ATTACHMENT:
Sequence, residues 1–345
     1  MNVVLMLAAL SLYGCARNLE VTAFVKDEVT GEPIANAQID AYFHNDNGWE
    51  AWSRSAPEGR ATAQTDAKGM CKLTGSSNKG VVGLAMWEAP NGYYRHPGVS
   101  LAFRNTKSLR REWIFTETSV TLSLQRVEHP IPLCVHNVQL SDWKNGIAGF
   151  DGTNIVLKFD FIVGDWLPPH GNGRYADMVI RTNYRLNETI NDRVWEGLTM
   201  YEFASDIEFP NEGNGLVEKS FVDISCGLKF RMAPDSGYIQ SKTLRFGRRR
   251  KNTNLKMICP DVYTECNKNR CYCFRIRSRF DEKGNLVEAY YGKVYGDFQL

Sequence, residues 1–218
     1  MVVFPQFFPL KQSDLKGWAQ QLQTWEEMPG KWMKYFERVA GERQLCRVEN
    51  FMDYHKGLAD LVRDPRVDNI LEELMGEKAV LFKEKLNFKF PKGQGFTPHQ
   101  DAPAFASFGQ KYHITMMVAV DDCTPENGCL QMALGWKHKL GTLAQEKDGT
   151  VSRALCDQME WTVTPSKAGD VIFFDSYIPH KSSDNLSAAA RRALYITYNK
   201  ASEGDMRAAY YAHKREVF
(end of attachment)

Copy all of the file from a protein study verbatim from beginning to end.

Sequence, residues 1–345
     1  MNVVLMLAAL SLYGCARNLE VTAFVKDEVT GEPIANAQID AYFHNDNGWE
    51  AWSRSAPEGR ATAQTDAKGM CKLTGSSNKG VVGLAMWEAP NGYYRHPGVS
   101  LAFRNTKSLR REWIFTETSV TLSLQRVEHP IPLCVHNVQL SDWKNGIAGF
   151  DGTNIVLKFD FIVGDWLPPH GNGRYADMVI RTNYRLNETI NDRVWEGLTM
   201  YEFASDIEFP NEGNGLVEKS FVDISCGLKF RMAPDSGYIQ SKTLRFGRRR
   251  KNTNLKMICP DVYTECNKNR CYCFRIRSRF DEKGNLVEAY YGKVYGDFQL

Sequence, residues 1–218
     1  MVVFPQFFPL KQSDLKGWAQ QLQTWEEMPG KWMKYFERVA GERQLCRVEN
    51  FMDYHKGLAD LVRDPRVDNI LEELMGEKAV LFKEKLNFKF PKGQGFTPHQ
   101  DAPAFASFGQ KYHITMMVAV DDCTPENGCL QMALGWKHKL GTLAQEKDGT
   151  VSRALCDQME WTVTPSKAGD VIFFDSYIPH KSSDNLSAAA RRALYITYNK
   201  ASEGDMRAAY YAHKREVF